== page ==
Kumquat and Dried Cherry Chutney
My Kumquat and Dried Cherry Chutney is an elegantly delicious accompaniment for your Thanksgiving dinner. Serve it in addition to the traditional cranberry sauce.
One of the things I like most about Thanksgiving are all the little “extras” that make it special. Special toppings for the pies, garnishes for the platters, and relishes to go complement with the turkey.
Of course, everyone is familiar with the traditional Cranberry and Orange Relish, but this one is a bit more unusual. It uses kumquats and dried cherries along with anise seed and other fragrant spices to make an excellent chutney to adorn your table.
Kumquats will always seem a little exotic to me. Not quite an orange nor a tangerine. Not a lemon either. I remember having them in our house around Christmas when I was growing up and we usually ate them out of hand, skin and all. The Kumquat Growers Association calls them “nature’s sweet-tart.” Pretty apt description.
This kumquat and dried cherry chutney is perfect for a southern Thanksgiving menu. Southerners have a long history with chutneys and relishes. Probably because of the old spice trade with the Charleston and Savannah ports.
Granted, this chutney lacks some of the classic ingredients such as raisins and onions. It has sweet and citrusy flavor with a perfect background note of licorice from the anise seed. I think you’ll really like it!
How to Make Kumquat Dried Cherry Chutney
Beautiful, fresh kumquats. Just waiting to be made into a delicious chutney.
Prepare the kumquats by giving them a rinse and then slicing them into disks. Remove the tiny seeds with the tip of a knife. Granted, this is a bit tedious, but just take your time and you’ll have it finished before you know it.
In a small, dry skillet over medium heat, toast mustard seeds and anise seed. Gently shake the pan back and forth until seeds are aromatic and lightly toasted, about 1-2 minutes.
Transfer the seeds to a heavy, small saucepan and add the remaining ingredients of sliced kumquats, sugar, orange juice, dried cherries, ginger, black pepper and cinnamon.
Bring the mixture to a boil stirring often. Reduce the heat to medium-low and simmer until the chutney thickens and the kumquats become translucent, about 20-25 minutes.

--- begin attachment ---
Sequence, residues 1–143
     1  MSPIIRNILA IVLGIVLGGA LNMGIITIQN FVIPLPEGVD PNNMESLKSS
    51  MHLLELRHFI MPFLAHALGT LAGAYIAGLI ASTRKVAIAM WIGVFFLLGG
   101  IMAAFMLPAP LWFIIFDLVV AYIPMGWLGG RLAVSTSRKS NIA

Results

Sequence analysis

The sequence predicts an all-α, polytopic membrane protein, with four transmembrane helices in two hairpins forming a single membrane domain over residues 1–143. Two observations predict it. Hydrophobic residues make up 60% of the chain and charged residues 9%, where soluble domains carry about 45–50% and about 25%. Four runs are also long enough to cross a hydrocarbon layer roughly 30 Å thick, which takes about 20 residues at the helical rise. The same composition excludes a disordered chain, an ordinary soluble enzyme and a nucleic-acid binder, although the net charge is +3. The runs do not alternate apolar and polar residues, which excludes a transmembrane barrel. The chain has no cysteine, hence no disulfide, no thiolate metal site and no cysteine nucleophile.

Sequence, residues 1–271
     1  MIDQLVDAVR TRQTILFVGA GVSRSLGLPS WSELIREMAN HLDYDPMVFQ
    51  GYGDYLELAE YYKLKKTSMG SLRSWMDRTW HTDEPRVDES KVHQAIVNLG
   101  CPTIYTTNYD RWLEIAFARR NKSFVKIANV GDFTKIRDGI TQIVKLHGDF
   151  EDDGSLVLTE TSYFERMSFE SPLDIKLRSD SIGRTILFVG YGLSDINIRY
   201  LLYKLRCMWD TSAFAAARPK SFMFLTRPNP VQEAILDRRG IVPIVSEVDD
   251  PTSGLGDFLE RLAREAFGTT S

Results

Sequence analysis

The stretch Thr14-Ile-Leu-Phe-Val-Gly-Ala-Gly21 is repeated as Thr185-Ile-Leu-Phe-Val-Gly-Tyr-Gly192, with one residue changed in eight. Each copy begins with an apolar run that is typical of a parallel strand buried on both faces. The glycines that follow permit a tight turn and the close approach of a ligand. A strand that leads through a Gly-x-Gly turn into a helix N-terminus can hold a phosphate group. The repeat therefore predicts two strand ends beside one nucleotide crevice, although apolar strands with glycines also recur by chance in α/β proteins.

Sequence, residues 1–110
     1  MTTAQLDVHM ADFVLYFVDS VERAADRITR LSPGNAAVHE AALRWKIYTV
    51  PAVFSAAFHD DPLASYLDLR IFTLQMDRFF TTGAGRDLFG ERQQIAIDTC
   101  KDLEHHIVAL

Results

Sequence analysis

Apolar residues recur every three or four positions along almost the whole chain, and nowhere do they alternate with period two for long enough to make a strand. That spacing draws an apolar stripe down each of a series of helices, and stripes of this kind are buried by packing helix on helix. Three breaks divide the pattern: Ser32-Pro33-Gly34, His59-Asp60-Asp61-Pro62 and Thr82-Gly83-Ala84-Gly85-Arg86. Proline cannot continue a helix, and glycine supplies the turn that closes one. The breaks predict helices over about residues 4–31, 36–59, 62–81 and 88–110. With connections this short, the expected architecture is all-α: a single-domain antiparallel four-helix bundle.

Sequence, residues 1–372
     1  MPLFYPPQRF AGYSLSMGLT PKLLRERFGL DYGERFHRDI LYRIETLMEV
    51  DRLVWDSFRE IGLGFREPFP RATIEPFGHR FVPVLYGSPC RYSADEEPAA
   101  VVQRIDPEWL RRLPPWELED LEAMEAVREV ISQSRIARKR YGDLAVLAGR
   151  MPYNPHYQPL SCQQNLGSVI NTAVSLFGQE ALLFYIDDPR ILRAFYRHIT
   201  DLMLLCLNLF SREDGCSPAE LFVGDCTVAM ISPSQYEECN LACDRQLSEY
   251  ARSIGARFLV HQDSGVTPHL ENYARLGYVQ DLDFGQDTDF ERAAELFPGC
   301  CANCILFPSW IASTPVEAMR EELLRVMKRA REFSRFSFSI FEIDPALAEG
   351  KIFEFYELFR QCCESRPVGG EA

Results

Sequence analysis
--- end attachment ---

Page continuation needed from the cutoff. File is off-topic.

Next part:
Transfer to a bowl and allow to cool before serving. Store in an air-tight container in the refrigerator for up to two weeks. Bring to room temperature before serving.
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HAVE YOU TRIED THIS RECIPE?
I’d LOVE to know what you thought!
Leave a rating below in the comments and let me know how you liked it!
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Kumquat and Dried Cherry Chutney
- ½ teaspoon mustard seeds
- ½ teaspoon anise seed
- 1 pint kumquats sliced and de-seeded
- 1 cup plus 2 tblsp sugar
- 1 ¼ cups orange juice
- 1 cup dried cherries
- ⅛ teaspoon ground ginger
- ½ teaspoon freshly ground black pepper
- ¼ teaspoon ground cinnamon
- In a small, dry skillet over medium heat, toast mustard seeds and anise seed. Gently shake the pan back and forth until seeds are aromatic and lightly toasted, about 1-2 minutes.
- Transfer seeds to a heavy, small saucepan with remaining ingredients. Bring to a boil stirring often.
- Reduce heat to medium-low and simmer until the chutney thickens and the kumquats become translucent, about 20-25 minutes.
- Transfer to a bowl and let cool before serving.
- Store in air-tight container in the refrigerator for up to two weeks. Bring to room temperature before serving.
Nutrition information is calculated by software based on the ingredients in each recipe. It is an estimate only and is provided for informational purposes. You should consult your health care provider or a registered dietitian if precise nutrition calculations are needed for health reasons.